Next, the interpolated life value table is multiplied by the division interpolated drop amount total value Shk (I) and thereafter divided by the values of 100% total value table, by which a life value table for division I is prepared (ST33). Then, a division life value J (I) is determined (ST34), and stored in the array shown in FIG. 22 (ST35). In FIG. 22, I represents a division under the current calculation, I-1 represents a division one before the division I, and I-2 represents a division two before the division I. Character J represents the division life value, F represents a flag for correcting any cell failure and H represents a numerical value needed to correct the cell failure. This numerical value H(K) is given by the following equation (3):

H(K)=Dss(K)−Dhs(K)  Equation (3)

For decision as to whether it is a cell failure, it is first decided whether the division life value J(I) is smaller than 40% and moreover either the division life value J(I-1) or the division life value J(I-2) is not less than 60% (ST36). If YES, the flag F(I) is set to 1 (ST37), the program going to ST38. If NO, the program jumps ST37, going to ST38. At ST38, it is decided whether the division life value J(I-1) is smaller than 40% and moreover either the division life value J(I) or the division life value J(I-2) is not less than 60%. If YES, the flag F(I-1) is set to 1 (ST39), the program going to ST40. If NO, the program jumps ST39, going to ST40.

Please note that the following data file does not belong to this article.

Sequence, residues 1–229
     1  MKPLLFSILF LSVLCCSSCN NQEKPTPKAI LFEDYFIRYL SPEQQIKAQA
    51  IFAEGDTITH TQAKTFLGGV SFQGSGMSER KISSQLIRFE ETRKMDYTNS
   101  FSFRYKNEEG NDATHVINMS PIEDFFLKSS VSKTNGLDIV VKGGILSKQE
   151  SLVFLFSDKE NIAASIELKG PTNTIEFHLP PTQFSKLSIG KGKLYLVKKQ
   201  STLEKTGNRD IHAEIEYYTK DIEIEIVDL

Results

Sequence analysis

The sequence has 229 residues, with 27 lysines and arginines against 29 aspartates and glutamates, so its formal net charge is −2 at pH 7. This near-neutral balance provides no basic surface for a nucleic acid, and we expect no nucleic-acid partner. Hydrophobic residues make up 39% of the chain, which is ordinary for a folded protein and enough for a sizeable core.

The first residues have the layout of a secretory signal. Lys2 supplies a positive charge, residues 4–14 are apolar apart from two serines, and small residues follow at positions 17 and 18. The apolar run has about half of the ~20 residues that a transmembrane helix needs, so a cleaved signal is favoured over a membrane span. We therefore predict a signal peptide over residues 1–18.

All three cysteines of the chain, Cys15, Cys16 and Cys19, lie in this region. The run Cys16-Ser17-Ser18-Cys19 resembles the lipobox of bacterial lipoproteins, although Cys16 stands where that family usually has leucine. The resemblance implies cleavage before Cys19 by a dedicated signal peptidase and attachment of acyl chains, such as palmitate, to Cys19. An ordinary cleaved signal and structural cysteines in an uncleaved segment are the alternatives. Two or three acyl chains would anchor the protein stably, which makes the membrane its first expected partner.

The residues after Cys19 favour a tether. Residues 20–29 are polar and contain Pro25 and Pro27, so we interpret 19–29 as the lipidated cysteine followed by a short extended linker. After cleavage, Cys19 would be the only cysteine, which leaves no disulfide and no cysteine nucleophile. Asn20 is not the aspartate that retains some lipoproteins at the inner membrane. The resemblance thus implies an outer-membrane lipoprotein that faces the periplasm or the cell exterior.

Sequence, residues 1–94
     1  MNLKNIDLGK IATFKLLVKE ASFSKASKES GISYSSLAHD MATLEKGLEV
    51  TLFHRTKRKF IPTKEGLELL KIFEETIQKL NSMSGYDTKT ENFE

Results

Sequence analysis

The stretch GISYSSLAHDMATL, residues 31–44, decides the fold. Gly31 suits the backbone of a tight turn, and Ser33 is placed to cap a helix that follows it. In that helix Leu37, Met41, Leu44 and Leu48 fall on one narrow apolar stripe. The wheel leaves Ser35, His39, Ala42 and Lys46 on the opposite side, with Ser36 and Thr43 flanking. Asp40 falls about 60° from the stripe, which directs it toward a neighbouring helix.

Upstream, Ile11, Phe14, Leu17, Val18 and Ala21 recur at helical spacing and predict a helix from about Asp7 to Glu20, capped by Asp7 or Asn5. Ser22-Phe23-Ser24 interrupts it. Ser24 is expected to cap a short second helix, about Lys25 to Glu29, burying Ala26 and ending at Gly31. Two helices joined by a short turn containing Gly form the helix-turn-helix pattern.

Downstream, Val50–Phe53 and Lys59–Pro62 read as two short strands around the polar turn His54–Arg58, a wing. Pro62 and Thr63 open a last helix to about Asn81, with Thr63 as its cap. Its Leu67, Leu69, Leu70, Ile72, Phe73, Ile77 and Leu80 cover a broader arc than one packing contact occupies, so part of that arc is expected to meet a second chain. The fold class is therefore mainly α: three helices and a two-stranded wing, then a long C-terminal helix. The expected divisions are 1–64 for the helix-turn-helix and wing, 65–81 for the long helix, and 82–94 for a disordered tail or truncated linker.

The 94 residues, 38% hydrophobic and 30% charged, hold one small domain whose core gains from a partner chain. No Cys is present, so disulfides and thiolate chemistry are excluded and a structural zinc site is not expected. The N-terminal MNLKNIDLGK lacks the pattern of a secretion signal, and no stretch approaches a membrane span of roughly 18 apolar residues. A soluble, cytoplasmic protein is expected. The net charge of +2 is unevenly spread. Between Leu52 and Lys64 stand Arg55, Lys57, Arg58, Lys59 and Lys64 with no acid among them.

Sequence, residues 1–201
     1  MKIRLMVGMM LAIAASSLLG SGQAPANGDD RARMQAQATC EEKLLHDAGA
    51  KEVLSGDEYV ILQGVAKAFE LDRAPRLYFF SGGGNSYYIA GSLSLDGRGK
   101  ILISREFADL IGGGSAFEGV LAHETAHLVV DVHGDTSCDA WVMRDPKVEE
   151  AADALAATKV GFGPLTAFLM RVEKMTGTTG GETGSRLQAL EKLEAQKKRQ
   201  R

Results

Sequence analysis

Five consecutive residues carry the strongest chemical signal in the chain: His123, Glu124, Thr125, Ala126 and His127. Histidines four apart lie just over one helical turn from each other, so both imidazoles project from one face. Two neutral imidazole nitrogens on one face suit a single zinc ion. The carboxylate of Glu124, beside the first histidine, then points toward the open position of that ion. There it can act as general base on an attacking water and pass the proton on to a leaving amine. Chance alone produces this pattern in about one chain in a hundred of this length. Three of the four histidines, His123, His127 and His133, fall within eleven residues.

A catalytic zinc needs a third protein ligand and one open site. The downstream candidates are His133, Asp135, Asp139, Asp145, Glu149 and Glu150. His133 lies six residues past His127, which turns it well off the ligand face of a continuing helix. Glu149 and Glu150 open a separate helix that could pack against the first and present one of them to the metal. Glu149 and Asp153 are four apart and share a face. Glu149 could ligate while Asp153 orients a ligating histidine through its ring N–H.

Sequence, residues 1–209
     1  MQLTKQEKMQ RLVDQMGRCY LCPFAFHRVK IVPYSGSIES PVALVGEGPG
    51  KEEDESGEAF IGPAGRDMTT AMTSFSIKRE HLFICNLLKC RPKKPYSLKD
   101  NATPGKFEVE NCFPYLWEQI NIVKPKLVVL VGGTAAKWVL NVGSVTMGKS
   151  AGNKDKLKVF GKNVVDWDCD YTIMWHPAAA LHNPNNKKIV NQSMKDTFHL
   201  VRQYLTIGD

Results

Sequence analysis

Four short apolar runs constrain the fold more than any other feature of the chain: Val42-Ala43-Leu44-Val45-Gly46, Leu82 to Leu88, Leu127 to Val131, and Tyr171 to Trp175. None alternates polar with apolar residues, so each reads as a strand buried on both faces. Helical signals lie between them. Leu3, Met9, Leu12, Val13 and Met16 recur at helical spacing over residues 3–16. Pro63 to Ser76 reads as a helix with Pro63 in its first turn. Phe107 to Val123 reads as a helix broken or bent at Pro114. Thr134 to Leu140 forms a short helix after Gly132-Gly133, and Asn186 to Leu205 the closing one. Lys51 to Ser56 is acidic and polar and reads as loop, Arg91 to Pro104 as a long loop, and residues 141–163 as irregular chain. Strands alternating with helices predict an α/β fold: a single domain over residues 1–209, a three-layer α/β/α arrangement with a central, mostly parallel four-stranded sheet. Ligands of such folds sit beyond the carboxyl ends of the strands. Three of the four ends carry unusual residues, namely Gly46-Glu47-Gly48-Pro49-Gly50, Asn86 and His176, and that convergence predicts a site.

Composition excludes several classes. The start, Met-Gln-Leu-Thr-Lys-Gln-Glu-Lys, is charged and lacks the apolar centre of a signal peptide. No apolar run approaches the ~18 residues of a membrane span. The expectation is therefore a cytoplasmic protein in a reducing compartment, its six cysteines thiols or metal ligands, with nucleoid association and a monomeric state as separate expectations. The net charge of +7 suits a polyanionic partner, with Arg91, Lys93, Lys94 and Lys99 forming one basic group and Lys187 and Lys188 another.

At ST40, it is decided whether the division life value J(I-2) is smaller than 40% and moreover either the division life value J(I) or the division life value J(I-1) is not less than 60%. If YES, the flag F(I-2) is set to 1 (ST41), the program going to ST42. If NO, the program jumps ST41, going to ST42. At ST42, it is decided whether the flag F(I-2) is 1. If YES, a cell failure is decided, where the correction value H(I-1) is subtracted from the following measured drop amounts Ds (ST43), and 2·H(I-1) multiplied by the number of times of totalization for one division is subtracted from the measured drop amount total value Ss (ST44).

In this embodiment, a cell failure is detected in the above-described way, and after the detection of a cell failure, a life determination result for the succeeding division is corrected, so that the factors of cell failure are eliminated from the life determination results.